It is a commonplace that bribery seems rife in the developing world. In richer countries, however, legal lobbying is the preferred method of operation for those trying to overcome rules. As a country’s industry advances, the preferred mode of transaction might naturally switch to lobbying. So why does corruption seem more stubbornly persistent in the developing world, despite economic progress?
A 2011 paper from Northwestern University and Stockholm University published in the American Political Science Review, “Bribes, Lobbying and Development,” built mathematical models to analyze the choices made by firms with regard to lobbying and bribery within different contexts. The researchers sought to analyze how bribery may paradoxically undercut the very mechanisms that would foster more legitimate norms of behavior.
The paper’s findings include:
- Smaller firms are more likely to offer bribes. However, the more capital a firm acquires, the higher the bribes then become, and growth-promoting investment becomes disincentivized within the firm. This is termed a “holdup problem,” because at the time of an initial bribe, the bureaucrat cannot commit to never asking for higher bribes once the firm is larger.
- If firms demonstrate a willingness to bribe, or the bureaucrat accepting the bribes is very powerful, then the cost of bribes will often increase faster than the firm’s cost of complying with regulation would be. This should incentivize a shift to lobbying from the firm. Yet, “firms anticipate the holdup problem and larger bribes following their investments. This reduces the incentives to invest, perhaps preventing the industry to reach the capital level at which they would have switched to lobbying.”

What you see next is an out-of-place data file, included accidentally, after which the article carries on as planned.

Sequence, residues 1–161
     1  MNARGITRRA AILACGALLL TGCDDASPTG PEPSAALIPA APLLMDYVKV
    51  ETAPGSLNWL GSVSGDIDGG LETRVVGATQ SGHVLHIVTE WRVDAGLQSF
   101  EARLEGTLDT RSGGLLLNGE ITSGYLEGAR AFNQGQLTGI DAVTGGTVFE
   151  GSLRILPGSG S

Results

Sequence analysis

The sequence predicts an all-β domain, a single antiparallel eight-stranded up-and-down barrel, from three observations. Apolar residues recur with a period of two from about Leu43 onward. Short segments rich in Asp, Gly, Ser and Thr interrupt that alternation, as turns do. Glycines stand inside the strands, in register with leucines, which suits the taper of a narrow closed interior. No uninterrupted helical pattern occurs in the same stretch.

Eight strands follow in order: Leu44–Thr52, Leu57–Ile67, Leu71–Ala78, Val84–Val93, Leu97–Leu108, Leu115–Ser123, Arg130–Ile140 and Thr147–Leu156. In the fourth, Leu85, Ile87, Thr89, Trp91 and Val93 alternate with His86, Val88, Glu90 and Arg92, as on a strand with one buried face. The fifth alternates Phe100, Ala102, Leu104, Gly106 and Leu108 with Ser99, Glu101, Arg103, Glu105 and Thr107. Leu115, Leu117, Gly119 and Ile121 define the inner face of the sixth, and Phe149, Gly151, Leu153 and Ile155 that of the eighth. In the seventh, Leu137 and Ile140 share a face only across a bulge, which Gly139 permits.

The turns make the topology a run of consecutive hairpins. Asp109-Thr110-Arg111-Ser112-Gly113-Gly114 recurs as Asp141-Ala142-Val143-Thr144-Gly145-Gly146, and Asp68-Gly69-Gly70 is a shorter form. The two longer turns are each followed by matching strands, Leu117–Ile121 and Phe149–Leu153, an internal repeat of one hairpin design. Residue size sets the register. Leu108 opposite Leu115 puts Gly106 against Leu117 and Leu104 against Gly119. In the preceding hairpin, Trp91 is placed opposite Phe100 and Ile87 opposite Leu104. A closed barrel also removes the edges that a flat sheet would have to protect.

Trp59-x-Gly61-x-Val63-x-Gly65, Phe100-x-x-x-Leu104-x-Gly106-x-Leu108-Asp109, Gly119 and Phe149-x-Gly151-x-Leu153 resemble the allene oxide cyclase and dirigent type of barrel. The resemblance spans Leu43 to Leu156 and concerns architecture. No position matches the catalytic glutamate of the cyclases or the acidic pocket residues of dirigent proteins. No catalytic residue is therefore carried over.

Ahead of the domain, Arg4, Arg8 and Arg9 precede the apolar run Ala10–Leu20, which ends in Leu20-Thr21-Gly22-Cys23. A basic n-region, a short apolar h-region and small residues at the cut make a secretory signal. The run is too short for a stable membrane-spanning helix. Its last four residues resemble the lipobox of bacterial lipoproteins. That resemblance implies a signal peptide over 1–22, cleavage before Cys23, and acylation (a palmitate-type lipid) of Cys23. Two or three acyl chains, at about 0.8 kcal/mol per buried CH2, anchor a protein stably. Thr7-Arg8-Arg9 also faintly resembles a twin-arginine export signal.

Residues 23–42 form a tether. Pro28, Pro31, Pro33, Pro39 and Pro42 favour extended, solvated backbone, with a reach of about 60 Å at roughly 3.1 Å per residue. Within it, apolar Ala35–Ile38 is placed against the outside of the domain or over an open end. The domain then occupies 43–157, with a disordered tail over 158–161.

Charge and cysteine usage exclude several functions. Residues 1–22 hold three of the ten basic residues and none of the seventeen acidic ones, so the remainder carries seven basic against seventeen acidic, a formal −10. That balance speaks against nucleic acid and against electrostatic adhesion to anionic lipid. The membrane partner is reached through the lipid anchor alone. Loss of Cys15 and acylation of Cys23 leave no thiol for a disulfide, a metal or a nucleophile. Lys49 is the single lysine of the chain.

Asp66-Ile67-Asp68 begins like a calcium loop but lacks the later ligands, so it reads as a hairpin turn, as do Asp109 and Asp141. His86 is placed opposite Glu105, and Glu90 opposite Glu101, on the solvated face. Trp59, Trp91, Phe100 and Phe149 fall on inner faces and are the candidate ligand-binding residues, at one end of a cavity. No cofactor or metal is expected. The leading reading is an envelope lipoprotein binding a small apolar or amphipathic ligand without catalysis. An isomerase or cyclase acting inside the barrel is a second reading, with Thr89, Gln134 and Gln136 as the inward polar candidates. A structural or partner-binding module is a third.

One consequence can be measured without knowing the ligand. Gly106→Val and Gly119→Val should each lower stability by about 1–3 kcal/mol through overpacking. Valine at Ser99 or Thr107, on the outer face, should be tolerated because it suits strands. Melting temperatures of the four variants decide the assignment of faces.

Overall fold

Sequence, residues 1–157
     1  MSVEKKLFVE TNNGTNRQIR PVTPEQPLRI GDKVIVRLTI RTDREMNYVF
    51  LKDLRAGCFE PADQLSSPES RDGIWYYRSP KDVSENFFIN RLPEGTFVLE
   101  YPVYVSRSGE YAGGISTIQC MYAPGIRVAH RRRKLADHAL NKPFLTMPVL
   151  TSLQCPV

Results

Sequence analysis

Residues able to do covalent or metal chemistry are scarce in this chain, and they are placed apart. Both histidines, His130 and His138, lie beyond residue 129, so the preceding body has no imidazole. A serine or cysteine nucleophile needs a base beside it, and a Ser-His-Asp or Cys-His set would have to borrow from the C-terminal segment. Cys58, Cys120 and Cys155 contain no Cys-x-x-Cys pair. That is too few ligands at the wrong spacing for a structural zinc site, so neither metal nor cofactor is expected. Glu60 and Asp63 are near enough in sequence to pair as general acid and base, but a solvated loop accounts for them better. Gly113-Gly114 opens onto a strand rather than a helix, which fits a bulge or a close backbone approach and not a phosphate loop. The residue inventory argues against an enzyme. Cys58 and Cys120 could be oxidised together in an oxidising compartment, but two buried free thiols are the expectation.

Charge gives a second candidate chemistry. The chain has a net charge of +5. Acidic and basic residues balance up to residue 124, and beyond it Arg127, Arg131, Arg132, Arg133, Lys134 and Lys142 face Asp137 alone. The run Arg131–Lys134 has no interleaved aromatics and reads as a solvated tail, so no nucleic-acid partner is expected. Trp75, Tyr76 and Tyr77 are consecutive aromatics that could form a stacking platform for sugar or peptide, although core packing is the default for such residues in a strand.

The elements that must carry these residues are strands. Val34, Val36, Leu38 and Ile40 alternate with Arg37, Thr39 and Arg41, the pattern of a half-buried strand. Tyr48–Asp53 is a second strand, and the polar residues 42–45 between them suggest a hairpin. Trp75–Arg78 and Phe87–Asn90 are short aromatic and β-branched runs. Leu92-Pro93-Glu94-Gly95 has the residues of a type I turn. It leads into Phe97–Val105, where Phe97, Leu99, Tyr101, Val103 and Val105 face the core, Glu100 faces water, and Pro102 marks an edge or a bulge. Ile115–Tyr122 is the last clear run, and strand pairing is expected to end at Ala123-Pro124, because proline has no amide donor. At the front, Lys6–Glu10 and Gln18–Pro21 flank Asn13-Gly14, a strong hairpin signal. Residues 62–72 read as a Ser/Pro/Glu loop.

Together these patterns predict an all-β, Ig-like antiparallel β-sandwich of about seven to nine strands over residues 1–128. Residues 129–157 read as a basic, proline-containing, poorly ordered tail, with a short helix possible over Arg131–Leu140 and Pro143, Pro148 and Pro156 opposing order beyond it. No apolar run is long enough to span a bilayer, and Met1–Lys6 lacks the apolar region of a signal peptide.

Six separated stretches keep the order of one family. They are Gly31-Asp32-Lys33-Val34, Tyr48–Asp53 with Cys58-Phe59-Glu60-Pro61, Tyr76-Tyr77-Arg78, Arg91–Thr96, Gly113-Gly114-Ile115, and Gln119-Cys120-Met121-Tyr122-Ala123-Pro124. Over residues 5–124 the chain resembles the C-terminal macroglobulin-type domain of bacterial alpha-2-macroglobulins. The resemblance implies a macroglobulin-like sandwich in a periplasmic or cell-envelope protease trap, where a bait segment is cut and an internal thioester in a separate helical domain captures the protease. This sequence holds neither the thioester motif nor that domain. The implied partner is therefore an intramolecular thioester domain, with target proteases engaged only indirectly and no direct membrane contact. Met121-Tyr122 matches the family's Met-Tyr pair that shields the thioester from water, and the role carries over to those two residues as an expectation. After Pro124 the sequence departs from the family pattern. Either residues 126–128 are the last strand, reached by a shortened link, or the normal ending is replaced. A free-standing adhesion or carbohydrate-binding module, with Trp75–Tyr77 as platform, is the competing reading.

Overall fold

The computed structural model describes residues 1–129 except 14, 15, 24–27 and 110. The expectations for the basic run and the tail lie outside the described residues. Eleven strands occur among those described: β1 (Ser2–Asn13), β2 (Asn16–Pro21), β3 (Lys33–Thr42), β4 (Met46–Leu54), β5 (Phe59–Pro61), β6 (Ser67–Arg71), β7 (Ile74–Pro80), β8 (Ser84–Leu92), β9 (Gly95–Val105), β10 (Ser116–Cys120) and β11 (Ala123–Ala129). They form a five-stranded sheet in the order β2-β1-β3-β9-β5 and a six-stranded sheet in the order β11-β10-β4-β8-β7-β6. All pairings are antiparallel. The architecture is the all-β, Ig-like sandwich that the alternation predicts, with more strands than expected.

- If the government cares too little about firm compliance and lowers the price of non-compliance for firms, then firms will continue bribing beyond the point where their growth should have necessitated a switch to lobbying. This is referred to as a “poverty trap.”
- Another paradox persists with respect to anti-corruption rules in the developing world: “tough penalties on corruption make firms more likely to lobby instead of bribe — conditional on the stage of development — but they also increase the level of bribes. This reduces the incentives to invest, making a poverty trap more likely.”
The researchers conclude that “from a normative point of view, our model suggests that the penalty for corruption should be lower in poor countries. Furthermore, it suggests that policies aimed at boosting productivity … may be a better approach to reducing corruption because they make a switch from bribery to lobbying more likely and at an earlier point in time through its effect on capital accumulation.”
Tags: crime, economy, ethics, corruption